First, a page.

New Neighborworks America Survey: Homeownership Still Out Of Reach For Many Minorities and Low- to Moderate-Income Families
For black and Hispanic people, bills and debt reduction take priority over long-term financial stability
By LINDSAY MOORE
Washington, D.C. (June 4, 2019)—The vast majority of Americans say owning a home increases financial stability, but when it comes to priorities minorities are more concerned about meeting everyday obligations, bills and paying off debt than putting away funds for a home down payment, according to a new NeighborWorks America survey. While 76 percent of Americans agree that owning a home increases a person’s financial stability, many people still see homeownership as beyond reach, primarily due to not understanding the process. Seventy percent of U.S. adults say the homebuying process is complicated. Further, minority families, particularly black and Hispanic people, find that they are missing the financial planning skills and knowledge to transition from renting to home ownership.
The NeighborWorks America survey offers insight into patterns and attitudes regarding homeownership and renting in the nation and the impact of debt and other dynamics on buying a home vs. renting. The study was conducted in April and May with an online panel of 1,000 U.S. adults ages 18 and older and included a separate oversample of 614 minority adults.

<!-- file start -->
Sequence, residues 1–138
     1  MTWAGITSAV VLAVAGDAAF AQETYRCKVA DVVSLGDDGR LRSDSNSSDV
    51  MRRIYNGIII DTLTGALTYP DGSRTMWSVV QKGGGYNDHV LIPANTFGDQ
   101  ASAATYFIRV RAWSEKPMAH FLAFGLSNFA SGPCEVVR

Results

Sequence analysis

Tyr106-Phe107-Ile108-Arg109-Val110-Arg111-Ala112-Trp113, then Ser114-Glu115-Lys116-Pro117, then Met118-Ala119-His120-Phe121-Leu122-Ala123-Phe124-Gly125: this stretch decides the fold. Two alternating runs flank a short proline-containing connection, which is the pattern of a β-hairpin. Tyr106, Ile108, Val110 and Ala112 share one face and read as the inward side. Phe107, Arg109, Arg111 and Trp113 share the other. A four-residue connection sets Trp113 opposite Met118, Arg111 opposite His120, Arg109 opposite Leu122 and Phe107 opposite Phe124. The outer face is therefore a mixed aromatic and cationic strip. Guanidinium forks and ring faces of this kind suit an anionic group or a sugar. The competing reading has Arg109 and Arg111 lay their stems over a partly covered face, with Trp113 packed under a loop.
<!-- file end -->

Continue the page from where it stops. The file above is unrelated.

“While two-thirds of the general population own their home, for black and Hispanic people, the numbers are much lower. There is a clear opportunity to help minorities bridge the wealth and attainment gap by supporting them in making good financial decisions,” said NeighborWorks America President and CEO Marietta Rodriguez. “We want to make the opportunity to pursue homeownership more available.”
Overall, black and Hispanic people report more vulnerability and less cash on hand than whites.
• 21% of black people said their most important financial goal for 2019 is to pay bills and everyday expenses, with 6% ranking saving for a home as their No. 1 financial goal.
• Among Hispanic people, 20% said paying down credit card debt is their top financial goal for 2019. Eight percent ranked saving for a down payment to buy a home as most important.
Seeking Help With Finances
Eight out of ten Americans are unaware of any programs that provide information about the home buying process. As a result, they are likely missing out on key information that can help them make better decisions as they purchase a home. Black and Hispanic people express more interest in financial planning courses than the general population. Sixty percent of black and Hispanic people say they would be interested in financial planning classes that would help them improve their financial situation compared to 46 percent of all U.S. adults.
NeighborWorks America recommends that people interested in homeownership always work with a HUD-approved housing counselor as a first step. A housing counselor can help improve their credit score, provide information about down payment assistance and down payment assistance programs, and help evaluate their situation and create the right plan. Find a housing counselor at a local NeighborWorks organization near you.
For more information on the NeighborWorks America survey, go to www.NeighborWorks.org/housingsurvey